Ok, so know that your students understand the different types of nonfiction text features, we want to make sure that they are actually using them while they read.
Nonfiction text features are included to help readers deepen their understanding of the topic. We want to make sure they aren’t something that students quickly glance at and then move on. Instead, we want students to understand how to use nonfiction text features to help improve their understanding of the text.
So, I came up with a process that students can follow anytime they see a text feature in a book or article. This process will help students slow down and remind them that text features are included for a specific reason and we want to make sure we don’t just skip over them.
What should I do when I see a text feature?
Step 1: Scan and preview the nonfiction text features.
The first thing we need to teach students to do is scan the text before they start reading and look for any text features the author might have included.
No matter what type of text feature it is, it can be helpful for students to know which features are included before they begin reading. Students should make a mental note of the types of text features included and notice how frequently the author is including text features.
If students notice the text does include some text feature, they should take the time to preview that text feature before they read the text. Previewing text features is also a great way to help students activate their background knowledge.
Step 2: Study the text features included.
Once students have identified the text features, we want them to actually study the text features before they begin reading the text. This step can also take place during the reading process, but I’ve found that often times once students begin reading, they don’t want to stop to study the text feature. So I usually encourage students to really pause and study the text features before they begin fully reading each section of text.
Here are some things your students might do when they are studying the text features:
- Read the table of contents and notice the names and lengths of the chapters
- Read the headings and subheadings.
- Look at the pictures and read the captions.
- Pay attention to the types of words that are bolded or italicized. Look to see if a glossary is included.
- Take note of the number and frequency of text features.
- Notice what information is presented in the text features.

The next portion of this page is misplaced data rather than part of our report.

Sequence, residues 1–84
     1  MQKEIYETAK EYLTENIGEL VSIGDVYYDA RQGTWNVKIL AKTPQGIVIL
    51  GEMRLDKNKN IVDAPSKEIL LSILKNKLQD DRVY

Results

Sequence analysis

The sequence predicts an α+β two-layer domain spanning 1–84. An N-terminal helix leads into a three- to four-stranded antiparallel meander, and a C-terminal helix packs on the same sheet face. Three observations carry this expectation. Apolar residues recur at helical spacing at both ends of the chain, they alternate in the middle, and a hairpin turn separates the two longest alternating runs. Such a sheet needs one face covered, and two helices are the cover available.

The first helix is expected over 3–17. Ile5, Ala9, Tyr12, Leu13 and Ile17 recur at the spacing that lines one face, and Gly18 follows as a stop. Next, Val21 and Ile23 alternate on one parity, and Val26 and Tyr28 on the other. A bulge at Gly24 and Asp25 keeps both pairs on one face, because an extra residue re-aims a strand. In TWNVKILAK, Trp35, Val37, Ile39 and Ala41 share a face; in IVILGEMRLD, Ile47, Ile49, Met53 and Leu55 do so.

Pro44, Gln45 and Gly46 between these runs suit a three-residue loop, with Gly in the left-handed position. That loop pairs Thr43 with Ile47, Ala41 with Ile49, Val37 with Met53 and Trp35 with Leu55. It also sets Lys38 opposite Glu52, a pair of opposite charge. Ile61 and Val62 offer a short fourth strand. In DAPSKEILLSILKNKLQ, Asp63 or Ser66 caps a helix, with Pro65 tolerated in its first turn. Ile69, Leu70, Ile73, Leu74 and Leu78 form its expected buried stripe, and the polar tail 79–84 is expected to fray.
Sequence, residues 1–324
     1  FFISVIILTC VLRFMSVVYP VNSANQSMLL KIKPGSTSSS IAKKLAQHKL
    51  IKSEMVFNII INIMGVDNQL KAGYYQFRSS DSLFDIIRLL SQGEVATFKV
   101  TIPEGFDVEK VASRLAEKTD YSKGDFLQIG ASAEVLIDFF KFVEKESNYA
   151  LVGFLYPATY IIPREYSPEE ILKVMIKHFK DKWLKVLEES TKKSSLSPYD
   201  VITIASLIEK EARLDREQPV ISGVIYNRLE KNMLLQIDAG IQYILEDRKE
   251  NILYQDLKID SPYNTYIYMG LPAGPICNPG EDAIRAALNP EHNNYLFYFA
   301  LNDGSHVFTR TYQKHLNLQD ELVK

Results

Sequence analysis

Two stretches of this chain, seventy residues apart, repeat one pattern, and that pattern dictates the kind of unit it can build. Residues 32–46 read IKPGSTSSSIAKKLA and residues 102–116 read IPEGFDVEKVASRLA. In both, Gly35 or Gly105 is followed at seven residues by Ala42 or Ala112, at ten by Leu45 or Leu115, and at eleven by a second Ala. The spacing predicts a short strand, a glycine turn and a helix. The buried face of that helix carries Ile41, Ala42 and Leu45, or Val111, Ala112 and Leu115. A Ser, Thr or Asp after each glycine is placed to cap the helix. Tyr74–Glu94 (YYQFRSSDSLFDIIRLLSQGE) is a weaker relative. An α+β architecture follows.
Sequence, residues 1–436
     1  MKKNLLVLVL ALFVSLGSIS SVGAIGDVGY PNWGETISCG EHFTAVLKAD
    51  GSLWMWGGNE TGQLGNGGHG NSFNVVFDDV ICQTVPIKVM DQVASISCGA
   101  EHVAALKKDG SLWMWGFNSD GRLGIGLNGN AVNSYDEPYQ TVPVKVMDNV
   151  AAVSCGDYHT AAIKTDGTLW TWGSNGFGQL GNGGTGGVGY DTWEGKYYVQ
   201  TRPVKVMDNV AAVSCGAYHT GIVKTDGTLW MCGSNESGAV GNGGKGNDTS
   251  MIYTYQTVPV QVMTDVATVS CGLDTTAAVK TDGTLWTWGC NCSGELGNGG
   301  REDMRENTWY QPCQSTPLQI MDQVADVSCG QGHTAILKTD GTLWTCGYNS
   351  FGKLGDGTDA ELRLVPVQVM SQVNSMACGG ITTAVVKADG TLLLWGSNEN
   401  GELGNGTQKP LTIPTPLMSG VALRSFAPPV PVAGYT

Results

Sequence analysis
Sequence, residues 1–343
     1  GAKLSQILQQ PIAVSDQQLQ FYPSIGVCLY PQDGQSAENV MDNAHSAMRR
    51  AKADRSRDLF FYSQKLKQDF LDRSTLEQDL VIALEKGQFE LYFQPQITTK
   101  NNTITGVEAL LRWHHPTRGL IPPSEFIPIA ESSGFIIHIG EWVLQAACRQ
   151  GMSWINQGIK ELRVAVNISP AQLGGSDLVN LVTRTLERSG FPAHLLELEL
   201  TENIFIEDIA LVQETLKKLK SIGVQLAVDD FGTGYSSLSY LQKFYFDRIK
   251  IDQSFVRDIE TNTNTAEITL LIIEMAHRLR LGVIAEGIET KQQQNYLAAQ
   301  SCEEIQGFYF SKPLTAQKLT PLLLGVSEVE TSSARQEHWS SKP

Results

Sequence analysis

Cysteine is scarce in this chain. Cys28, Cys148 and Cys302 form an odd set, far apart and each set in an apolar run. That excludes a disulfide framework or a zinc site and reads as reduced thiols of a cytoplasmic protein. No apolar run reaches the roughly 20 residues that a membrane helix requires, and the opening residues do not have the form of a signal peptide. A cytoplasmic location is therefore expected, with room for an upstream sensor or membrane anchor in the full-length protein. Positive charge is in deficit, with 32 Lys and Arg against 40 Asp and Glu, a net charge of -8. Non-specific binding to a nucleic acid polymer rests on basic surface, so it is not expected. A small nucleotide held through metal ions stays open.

Before they begin reading, they should think about how the information in the text features might connect to the information presented in the text.
Step 3: Ask questions about the text feature.
Once students have studied the text features, we want them to really start to think critically about what text features are included and the information that is presented in each text feature.
One of the best ways to promote critical thinking is by encouraging students to ask questions about the text features.
Students can ask questions like:
- Why did the author include this text feature?
- What information can I learn from this text feature?
- How did this text feature present the information in a different way than the text did?
- Did I need this text feature to fully understand the text?
Asking some of these questions also will help improve students overall comprehension of the nonfiction text and it helps them think about other things like the author’s purpose for writing the text and the main idea of the text.
Step 4: Evaluate the effectiveness of the text feature.
And then finally, we want students to evaluate how effective the text features are.
During this step, students are going to consider if the text feature was necessary and if it actually enhanced their reading experience.
You can even encourage students to assign the author a grade for each text feature for how effective it is.
Giving students the power to evaluate and judge what they are reading can also help validate their reading preferences and experiences. Just because a text feature was included in a specific text doesn’t mean it will help every single reader. When students evaluate text features, they start to notice which text features they find most helpful and how they use them when they read.
If a student starts to notice they always assign an “A+ rating” to maps and pictures and diagrams, then they will probably be more likely to pay attention to those features because they know how helpful they are in the reading process.
A process like this can be really helpful for students because it tells them the exact steps they can take when they notice a text feature is included in the nonfiction text they are reading. Consider adding this process to your lesson plans when you get ready to teach text features.
Put it into practice…
Now that you know the process for helping your students actually use nonfiction text features, you need to actually teach it to them.
Take a look at your upcoming lesson plans and decide when you will teach your students this process. Even if you’ve already taught your students the different types of text features, you can still do a quick mini-lesson to teach them this process.
If you’re looking for some resources to help you teach this process to your students, you can grab our nonfiction reference sheets. The text feature tabs explains the four-step process for using nonfiction text features.
Or you can check out our small group lesson plans for nonfiction text features. There are several lessons that will help you teach each step of this process. Don’t forget that if you are already a part of The Stellar Teacher Reading Membership, then you already have access to both of these resources.
I hope you start to notice your students being a little more intentional with how they are using text features!